Public wi-fi is a low-cost option to reach unserved citizens and grow the economy
The Central government’s move to enable public wi-fi data service through small retail data offices can get many more people connected, just as long-distance telephony was expanded through STD public call offices over three decades ago. Bringing broadband Internet to remote locations at minimum investment, and giving subscribers the option of making small, need-based payments to use it has remained a challenge thus far, but the Prime Minister Wi-Fi Access Network Interface (PM WANI) scheme approved by the Union Cabinet aims to bridge that divide using wireless technologies. Potentially, Internet access will connect a new wave of users not just to commercial and entertainment options, but also to education, telehealth and agriculture extension, and bring greater accountability to government by boosting transparency and interactivity. The government is hoping that by cutting through layers of bureaucracy and eliminating licences and fees, it can make it easy even for a tea shop owner to register online as a service provider, opening up new income avenues. Three years ago, when TRAI outlined the plan and initiated the first pilot of a public wi-fi system on the WANI architecture, it noted that a 10% rise in net penetration led to a 1.4% increase in GDP. Public wi-fi, however, suffered neglect because it was seen as a competitor to data services sold by mobile telecom firms, rather than as the complementary technology it is.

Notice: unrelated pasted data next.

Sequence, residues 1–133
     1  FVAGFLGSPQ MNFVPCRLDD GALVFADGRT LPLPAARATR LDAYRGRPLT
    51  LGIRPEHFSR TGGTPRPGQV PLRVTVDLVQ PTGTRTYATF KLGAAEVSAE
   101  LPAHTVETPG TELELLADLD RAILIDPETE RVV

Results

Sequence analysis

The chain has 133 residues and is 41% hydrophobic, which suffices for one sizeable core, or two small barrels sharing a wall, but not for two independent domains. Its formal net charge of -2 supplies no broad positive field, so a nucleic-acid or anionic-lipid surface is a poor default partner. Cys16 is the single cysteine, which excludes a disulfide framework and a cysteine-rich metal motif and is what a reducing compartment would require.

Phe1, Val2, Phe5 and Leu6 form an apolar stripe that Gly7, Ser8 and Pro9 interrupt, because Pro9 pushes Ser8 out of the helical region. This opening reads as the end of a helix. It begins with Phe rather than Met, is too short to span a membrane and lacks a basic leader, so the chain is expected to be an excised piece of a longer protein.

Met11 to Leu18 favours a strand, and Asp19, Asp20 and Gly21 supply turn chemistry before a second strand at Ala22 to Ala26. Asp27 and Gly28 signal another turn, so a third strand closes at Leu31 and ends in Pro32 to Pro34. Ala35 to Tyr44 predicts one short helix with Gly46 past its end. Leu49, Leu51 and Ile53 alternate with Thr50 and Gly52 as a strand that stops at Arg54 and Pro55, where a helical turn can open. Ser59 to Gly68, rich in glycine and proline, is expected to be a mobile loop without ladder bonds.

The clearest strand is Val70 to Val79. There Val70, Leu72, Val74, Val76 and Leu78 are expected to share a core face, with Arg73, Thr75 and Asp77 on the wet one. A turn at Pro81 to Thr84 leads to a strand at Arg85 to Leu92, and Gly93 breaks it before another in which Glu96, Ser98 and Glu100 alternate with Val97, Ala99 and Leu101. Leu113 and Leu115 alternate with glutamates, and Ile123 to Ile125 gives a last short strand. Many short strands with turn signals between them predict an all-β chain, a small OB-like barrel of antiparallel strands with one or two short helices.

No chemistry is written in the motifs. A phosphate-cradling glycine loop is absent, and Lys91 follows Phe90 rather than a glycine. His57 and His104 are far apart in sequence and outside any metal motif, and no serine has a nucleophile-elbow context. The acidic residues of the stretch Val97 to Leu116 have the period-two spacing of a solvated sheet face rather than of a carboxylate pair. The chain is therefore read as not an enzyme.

A rapid scale-up of Internet in rural India will be transformative, given the low level of penetration — 27.57 subscribers per 100 population in 2019 – and wi-fi linked to broadband fibre service is the fastest route to achieving that. Upcoming mobile technologies such as 5G may provide good quality data, but they involve high investment in new spectrum, connectivity equipment and regular subscriber fees. The WANI system offers an elegant way forward to connect low revenue consumers. It opens up opportunities for community organisations, libraries, educational institutions, panchayats and small entrepreneurs to tap into a whole new ecosystem, purchasing bandwidth from a public data office aggregator to serve local consumers. What the citizen expects is robust service, protection of data integrity, transparency on commercial use of data, and security against cyberattacks. The government must also ensure true unbundling of hardware, software, apps and payment gateways in the WANI system, as advocated by TRAI, to prevent monopolies. Existing public wi-fi options run on a limited scale by some entities compel consumers to pay through a single gateway app, underscoring the need for reform. Executed properly, the public data offices (PDOs) of PM WANI can do what the PCOs did for phone calls, going well beyond ‘ease of doing business’ to genuinely empower citizens.